The land is about one and a half miles from the current city limits, and property between the city limits and the land optioned by Cooper Land Development would need to be annexed. Morgan said the city is in the process of talking to landowners between the city and the site to reach agreements that are mutually beneficial to the city and the landowners.

“Some might want all of their land taken in and some might want just a portion taken in,” Morgan said.

Gray Swoope, president, Area Development Partnership (ADP), said the interest of a major developer like Cooper is indication that the area has done a good job with economic development.

“If the area is doing a good job recruiting good-paying jobs, then support services and more residents follow,” Swoope said. “I feel this proposed project is a result of our community continuing to be a center for employment. It is becoming a destination for people to work, raise families, and retire.”

Swoope said being selected for a project of this scope and quality is good news not just for Hattiesburg, but for the entire state.

“It is big news that Cooper Land Development has selected Mississippi for a potential 2,200-acre, planned residential and retirement community,” Swoope said. “If you look at Cooper and their experience, they have right now 120,000 property owners who have memberships in their developments across the country. They have been doing it basically since 1954.”

The company’s projects include Hot Springs Village, Hot Springs, Ark., Bella Vista Village, Bella Vista, Ark., Savannah Lakes Villages, McCormick, S.C., and Tellico Village, Loudon, Tenn. Swoope said one good thing about the project is that it doesn’t compete with local developers. The company has a sophisticated marketing campaign aimed at attracting retirees to relocate to their planned communities rather than competing for home buyers already living in the area.

“To me, this is one of the biggest things that has happened in South Mississippi in a long time regarding residential development,” Swoope said. “If the project goes ahead, it will generate millions of dollars in revenues for Lamar, Forrest and Hattiesburg. It will enhance the tax base, and have an impact even outside this region. They spend millions annually for marketing their developments. So it will add more visibility to the area.”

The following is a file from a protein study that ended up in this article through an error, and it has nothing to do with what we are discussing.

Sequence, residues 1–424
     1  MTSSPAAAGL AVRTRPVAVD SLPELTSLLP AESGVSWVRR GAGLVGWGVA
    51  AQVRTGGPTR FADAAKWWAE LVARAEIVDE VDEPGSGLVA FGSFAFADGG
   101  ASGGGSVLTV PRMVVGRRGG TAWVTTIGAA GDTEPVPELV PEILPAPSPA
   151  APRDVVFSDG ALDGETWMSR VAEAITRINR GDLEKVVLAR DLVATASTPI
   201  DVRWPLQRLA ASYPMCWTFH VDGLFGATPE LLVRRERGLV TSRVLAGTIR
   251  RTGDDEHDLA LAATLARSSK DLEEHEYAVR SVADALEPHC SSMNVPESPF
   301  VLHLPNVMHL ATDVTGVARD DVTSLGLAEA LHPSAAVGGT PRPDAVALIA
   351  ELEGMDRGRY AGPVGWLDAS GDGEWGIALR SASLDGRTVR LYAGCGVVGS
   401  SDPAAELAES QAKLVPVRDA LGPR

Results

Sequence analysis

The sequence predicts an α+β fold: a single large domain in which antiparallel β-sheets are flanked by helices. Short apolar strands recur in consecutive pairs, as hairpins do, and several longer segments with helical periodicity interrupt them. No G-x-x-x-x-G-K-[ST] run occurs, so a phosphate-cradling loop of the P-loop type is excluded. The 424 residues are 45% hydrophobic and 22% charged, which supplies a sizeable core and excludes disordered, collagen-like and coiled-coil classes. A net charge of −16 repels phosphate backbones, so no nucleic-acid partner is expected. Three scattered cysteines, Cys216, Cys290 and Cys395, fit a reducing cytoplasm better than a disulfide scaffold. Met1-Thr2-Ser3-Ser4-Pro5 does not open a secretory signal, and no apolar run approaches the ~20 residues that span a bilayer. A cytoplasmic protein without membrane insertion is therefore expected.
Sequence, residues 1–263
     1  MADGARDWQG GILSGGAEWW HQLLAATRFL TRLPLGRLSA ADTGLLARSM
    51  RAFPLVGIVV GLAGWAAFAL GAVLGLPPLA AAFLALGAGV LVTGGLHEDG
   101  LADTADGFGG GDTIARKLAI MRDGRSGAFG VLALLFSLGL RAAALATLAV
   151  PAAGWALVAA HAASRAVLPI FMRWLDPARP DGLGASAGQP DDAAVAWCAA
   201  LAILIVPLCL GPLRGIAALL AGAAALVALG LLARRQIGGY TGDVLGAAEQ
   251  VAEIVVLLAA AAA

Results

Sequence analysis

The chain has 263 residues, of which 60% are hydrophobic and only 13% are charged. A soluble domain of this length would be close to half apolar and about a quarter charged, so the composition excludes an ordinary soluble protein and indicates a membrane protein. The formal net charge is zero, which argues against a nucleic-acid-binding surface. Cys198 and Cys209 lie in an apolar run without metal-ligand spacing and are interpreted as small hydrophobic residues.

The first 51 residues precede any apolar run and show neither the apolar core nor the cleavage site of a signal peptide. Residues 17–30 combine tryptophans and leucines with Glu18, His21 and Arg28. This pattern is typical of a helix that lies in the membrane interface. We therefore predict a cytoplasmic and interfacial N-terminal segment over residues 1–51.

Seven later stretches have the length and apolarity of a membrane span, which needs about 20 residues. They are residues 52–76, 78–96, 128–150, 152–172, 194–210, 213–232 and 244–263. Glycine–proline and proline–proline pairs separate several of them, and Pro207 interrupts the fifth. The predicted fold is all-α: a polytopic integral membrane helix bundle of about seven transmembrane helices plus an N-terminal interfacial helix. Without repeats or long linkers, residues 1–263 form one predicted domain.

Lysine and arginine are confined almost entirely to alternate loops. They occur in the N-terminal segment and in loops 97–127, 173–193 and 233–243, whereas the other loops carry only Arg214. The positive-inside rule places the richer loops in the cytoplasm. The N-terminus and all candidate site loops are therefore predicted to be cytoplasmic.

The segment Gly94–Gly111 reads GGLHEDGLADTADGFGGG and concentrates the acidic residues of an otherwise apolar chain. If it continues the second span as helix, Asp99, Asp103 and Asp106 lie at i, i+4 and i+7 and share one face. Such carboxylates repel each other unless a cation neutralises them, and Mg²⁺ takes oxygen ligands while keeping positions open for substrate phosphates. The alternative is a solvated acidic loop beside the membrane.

Jim Abrahamson, land acquisition manager for Cooper Land Development, said developments the company has done similar to the one proposed for Hattiesburg have reached $200 million or more in value.

“We know if we do a development it would have a championship golf course, a clubhouse and basic infrastructure for subdivision build out,” Abrahamson said.

The company doesn’t build all the homes, which provides plenty of opportunities for local homebuilders. Home prices for the proposed development would start at about $120,000 and could go as high as $1,000,000.

Abrahamson said the company has looked at Hattiesburg since the 1980s, and is attracted by the area’s strengths in education, medical services, retail, restaurants and highway infrastructure.

“We like the highway network,” Abrahamson said. “It is a real feeder for winter vacationers, and we would hope to capitalize on some of that flow of traffic that tends to go through Hattiesburg in the winter months. And we like the weather. It is a little more four-seasons weather than some of our communities.”

If all goes well the company hopes to begin applying for development permits in about three months, and will start work on the project in 2002. But Abrahamson said the project is still at a very preliminary stage, and a decision to proceed may not be forthcoming until the end of the year.

Contact MBJ staff writer Becky Gillette at mullein@datasync.com or (228) 872-3457.